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The US Decides Huawei's Cool After All

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Someone needs to check Huawei CEO Ren Zhengfei for whiplash. His company's standing with the U.S. has gone back and forth between relative indifference and public condemnation so many times that it puts ping-pong champions to shame. At least now U.S. capriciousness has turned in Huawei's favor, with President Donald Trump announcing that he would delay the Department of Commerce's blacklisting.

It's not clear how much has actually changed after Trump's announcement. He said American companies would be allowed to sell their products to Huawei indefinitely, which seems to be an improvement, but they were already granted a special license by the Bureau of Industry and Security to do just that. Trump also said that U.S. suppliers wouldn't be allowed to sell equipment affecting national security.

Trump said that "Huawei is a complicated situation," according to Bloomberg, and that he was "leaving Huawei toward the end" of his trade talks with Chinese President Xi Jinping. There's no guarantee they'll reach a trade agreement any time soon, especially if China continues to push back against restrictions that would require its companies to stop stealing intellectual property from their American counterparts.

Huawei is just part of that discussion. Trump also said the U.S. would delay $300 billion in additional tariffs on goods imported from China--which should be welcome news for many tech companies--while the countries attempt to reach an agreement. (Perhaps because someone finally told him that American companies are the ones stuck paying those tariffs, not the Chinese government, as he previously believed.)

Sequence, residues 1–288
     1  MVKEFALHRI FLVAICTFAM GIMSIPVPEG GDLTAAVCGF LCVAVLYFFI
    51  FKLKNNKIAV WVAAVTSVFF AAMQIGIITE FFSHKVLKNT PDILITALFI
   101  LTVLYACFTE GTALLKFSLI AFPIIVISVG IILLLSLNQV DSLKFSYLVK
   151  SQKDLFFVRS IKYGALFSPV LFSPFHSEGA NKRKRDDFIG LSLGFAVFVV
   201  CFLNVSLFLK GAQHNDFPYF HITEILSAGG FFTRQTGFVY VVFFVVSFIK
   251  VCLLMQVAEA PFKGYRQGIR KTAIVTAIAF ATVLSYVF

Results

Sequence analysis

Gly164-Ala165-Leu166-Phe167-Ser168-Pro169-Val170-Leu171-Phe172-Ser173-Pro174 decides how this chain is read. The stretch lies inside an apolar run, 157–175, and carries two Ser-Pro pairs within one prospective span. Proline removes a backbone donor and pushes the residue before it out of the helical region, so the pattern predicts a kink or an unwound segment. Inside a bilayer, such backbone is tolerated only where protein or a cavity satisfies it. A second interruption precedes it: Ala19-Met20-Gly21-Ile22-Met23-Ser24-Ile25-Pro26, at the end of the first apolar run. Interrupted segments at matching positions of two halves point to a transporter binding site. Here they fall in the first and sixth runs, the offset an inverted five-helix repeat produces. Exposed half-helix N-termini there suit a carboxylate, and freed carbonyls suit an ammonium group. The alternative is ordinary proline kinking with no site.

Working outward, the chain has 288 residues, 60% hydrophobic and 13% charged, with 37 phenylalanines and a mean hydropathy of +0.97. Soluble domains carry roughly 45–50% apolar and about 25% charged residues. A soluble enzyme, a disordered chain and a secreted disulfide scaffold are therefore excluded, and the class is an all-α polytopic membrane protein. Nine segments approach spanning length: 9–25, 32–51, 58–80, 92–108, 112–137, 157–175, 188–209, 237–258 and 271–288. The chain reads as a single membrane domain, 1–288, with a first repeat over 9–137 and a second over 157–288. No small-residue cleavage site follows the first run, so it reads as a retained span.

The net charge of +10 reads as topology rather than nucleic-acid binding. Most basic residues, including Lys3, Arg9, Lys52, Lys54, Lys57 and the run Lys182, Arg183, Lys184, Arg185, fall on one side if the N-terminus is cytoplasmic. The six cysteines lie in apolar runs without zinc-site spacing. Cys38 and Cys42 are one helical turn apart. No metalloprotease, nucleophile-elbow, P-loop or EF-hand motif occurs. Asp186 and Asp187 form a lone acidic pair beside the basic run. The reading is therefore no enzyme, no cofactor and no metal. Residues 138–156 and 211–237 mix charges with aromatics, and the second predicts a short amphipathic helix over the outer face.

It seems like American companies are getting what they want. Many have pushed the U.S. government to reconsider its tariffs on Chinese goods as well as its ban on selling products to Huawei. Companies like Intel, Qualcomm, and their peers reportedly lobbied against the ban. Others, including the likes of Apple as well as game console-makers, publicly decried the way the U.S. has behaved in recent months.

But there are two major problems. The first is that the U.S. Department of Commerce ostensibly banned Huawei for national security reasons. Either those reasons were fabricated so the U.S. could pressure China into coming back to the table for more trade talks, or they were real, and now those concerns are largely being waved away now that Trump and Jinping are planning to reach a new agreement.

The second problem is that none of this was concrete. The White House didn't release details about Trump's plans for delaying the Huawei ban or the expansion of tariffs on goods originating from China. It's the political equivalent to a parent banning tacos, waiting a month, and then declaring Taco Tuesday a family holiday even though they really meant they intend to maybe-probably-kinda discuss tacos with their partner at some undetermined point in the future with an unclear goal and no guarantee anyone's actually gonna be able to crunch down.